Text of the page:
Posted by: fatherof11 | January 25, 2006

Cultural Challenges

Gean asked: “What is/was the hardest thing culturally for the kids to deal with as they made the transition from their past to your home? “

I assume in this case you are talking about the children we adopted from Russia, as the others had already been in the US for a while. There are so many cultural issues that it is really hard to put a finger on one that was the most challenging.

For those who will be adopting – as you travel to adopt or visit your child, it helps to relish the feeling of being in a different country and culture. Carry this with you as a reminder when your child comes home, so that you will have a taste of what they are going through. The good thing about your short trip is that you know it will soon end, though, and you will return to the comfort of your home. For the child, when they are adopted and brought to the US, they have no hopes of returning to that comfort. Even if theirs had been a horrible setting and environment, it was what they knew and there was most likely some comfort in that familiarity.

Coming to a new country brings so many new sensations. The smells, tastes, sounds, sights, feelings – EVERYTHING is different. It can be overwhelming to a child… even an adult for that matter. New demands are being made on you, words are being spoken that you don’t understand, foods taste different, nothing looks familiar… Some children will adapt easily to their new surroundings, but you must be understanding of the one who seems challenged by it all.

How can you help this child? The best way we have found is to introduce them to new things slowly. This means bringing them to your home and staying there for a good while, limiting visitors. Do not go galavanting around the town, showing them off and trying to impress them with all of the material goods of their new country. This is a disaster waiting to happen! Rather, allow them time to adjust to their immediate surroundings – their home and family. Establish a routine with them, try to feed them some familiar foods if possible, find out who this child is that God has placed in your hands.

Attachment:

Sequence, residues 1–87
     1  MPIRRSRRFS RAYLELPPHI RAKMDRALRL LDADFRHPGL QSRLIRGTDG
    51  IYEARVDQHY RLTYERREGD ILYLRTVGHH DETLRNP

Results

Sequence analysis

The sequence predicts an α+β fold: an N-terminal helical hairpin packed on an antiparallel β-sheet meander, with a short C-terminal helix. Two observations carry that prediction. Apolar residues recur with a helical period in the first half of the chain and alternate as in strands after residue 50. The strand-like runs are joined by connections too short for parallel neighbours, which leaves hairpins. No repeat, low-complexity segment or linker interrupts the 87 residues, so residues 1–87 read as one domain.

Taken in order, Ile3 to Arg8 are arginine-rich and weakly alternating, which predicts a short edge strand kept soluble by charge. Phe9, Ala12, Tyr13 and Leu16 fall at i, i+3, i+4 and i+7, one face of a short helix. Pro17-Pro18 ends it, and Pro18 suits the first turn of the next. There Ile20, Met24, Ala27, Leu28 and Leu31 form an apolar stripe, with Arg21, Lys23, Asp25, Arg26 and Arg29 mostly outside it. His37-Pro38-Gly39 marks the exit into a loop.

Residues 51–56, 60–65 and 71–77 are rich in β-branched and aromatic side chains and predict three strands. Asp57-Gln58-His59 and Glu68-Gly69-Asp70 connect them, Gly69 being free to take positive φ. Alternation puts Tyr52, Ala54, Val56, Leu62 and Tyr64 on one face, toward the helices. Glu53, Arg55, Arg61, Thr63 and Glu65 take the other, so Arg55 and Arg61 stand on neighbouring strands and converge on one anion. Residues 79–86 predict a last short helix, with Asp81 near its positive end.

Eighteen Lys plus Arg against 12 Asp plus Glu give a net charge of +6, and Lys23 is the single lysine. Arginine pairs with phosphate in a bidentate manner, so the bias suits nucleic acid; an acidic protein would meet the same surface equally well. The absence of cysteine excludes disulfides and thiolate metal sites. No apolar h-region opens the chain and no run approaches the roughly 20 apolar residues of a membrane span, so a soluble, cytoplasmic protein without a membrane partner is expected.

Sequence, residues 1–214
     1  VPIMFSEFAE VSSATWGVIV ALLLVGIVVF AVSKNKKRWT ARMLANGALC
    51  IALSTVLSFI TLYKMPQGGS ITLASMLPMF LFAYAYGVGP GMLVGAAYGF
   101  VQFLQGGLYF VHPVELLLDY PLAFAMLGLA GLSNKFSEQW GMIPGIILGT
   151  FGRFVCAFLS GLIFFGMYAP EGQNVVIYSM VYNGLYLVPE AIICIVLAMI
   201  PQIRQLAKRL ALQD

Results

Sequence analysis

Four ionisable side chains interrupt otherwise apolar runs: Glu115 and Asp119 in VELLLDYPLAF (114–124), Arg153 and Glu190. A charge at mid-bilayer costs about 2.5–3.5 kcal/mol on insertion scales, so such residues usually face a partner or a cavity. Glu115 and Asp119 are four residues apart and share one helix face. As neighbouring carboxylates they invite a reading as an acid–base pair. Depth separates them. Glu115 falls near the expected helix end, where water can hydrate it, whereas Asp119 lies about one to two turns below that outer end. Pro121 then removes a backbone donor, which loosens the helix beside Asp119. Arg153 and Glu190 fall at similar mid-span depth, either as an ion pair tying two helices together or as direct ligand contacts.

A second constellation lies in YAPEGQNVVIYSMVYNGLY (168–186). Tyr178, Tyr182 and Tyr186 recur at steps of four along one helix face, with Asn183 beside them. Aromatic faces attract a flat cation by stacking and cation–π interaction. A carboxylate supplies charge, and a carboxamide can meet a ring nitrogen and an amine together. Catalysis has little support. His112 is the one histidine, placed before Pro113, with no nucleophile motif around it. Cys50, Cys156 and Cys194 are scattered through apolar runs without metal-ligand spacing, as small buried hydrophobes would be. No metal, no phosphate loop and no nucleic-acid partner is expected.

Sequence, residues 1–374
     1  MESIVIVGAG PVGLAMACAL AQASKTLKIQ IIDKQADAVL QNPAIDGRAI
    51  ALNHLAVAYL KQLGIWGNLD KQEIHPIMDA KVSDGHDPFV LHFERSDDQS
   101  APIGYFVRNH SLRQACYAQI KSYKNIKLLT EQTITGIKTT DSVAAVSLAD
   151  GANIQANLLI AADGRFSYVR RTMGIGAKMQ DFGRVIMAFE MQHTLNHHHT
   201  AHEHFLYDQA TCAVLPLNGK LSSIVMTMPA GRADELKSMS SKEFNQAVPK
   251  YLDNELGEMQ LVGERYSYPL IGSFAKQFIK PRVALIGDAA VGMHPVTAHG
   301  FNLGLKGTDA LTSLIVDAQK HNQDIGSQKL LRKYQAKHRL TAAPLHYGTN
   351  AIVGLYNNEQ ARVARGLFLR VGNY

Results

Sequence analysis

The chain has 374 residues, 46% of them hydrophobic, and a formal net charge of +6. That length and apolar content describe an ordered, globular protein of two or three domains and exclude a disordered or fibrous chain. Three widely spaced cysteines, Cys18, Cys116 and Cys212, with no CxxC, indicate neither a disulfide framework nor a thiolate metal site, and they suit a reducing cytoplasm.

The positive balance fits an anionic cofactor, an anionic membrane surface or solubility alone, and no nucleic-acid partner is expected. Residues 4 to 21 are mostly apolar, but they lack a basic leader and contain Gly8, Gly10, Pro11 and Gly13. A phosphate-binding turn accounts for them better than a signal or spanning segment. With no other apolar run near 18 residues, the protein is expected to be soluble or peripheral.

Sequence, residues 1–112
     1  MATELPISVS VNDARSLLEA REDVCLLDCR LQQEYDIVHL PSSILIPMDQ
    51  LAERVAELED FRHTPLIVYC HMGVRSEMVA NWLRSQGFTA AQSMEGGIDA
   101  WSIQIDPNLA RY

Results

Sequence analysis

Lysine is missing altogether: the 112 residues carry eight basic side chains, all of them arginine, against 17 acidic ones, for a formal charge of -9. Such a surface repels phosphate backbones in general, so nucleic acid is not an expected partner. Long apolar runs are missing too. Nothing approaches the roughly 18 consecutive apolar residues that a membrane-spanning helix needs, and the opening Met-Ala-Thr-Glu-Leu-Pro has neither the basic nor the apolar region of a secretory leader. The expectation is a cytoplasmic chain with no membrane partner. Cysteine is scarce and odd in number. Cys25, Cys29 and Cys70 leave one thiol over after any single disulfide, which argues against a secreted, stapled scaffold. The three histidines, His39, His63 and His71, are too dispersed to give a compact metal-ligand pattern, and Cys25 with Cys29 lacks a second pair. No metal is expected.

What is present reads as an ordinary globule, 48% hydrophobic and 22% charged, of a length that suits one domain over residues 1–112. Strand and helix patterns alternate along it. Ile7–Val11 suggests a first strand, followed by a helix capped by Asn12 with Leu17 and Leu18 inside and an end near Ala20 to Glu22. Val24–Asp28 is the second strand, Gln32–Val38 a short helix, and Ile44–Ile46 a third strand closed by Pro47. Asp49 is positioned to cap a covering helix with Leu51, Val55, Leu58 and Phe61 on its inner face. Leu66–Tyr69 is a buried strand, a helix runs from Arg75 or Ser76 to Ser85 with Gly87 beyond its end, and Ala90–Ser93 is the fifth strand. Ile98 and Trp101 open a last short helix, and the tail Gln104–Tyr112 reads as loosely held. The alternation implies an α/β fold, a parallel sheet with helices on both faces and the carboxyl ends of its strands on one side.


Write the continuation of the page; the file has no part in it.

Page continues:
So, in answer to your question, Gean, I guess “cultural overload” is the biggest issue. An understanding heart and a calm voice (surrounded by lots of prayer, of course) goes a long way in smoothing those bumps.

Hope this helps!




  1. Thanks, Ramona.

    These boys live in a group home of 250 children, on a river in a tropical area. They have friends, routine, and are used to certain sounds and smells. The orphanage raises and slaughters its own pigs and chickens, raises its own vegs in greenhouses.

    I have hoped they will come to love the backside of the suburban mountain we live on and my cooking, but my, it will be different for them. I’ve thought about just a grocery store as being overwhelming. So your advice is much appreciated.

    It is a glorious thing that the Bible, although rooted in a time and culture, is past time and crosses all of our cultural lines. That is what we count on as we move these little ones from where they are to here. We thank our Lord for his providence and wisdom.

  2. Grocery stores – oh yes!! I will never forget the first time I took Irina and Vanya to KMart. Well, the first thing they were uncomfortable with was – ME DRIVING! You see, women just don’t drive in Russia, period.

    Then, as we were going into the store, Irina just stopped and started staring. She was mesmerized by the automatic door,opening and closing on its own. 😉 Once we got past that, it was a real challenge to keep Vanya’s hands from touching everything thing he saw.

    Ahhhh, the memories.

  3. There are cultural differences even between similar countries like Australia and the US. We found it quite odd living in the US for over two years. It was like the Twilight Zone. What seemed similar, when pressed a little, was quite different. The biggest issue was food. We never did get acclimatised to US food and there are many things we couldn’t obtain that were common in Australia.
    If you have someone from another country it is worth your while to go through the hassle of getting some food from “home”.

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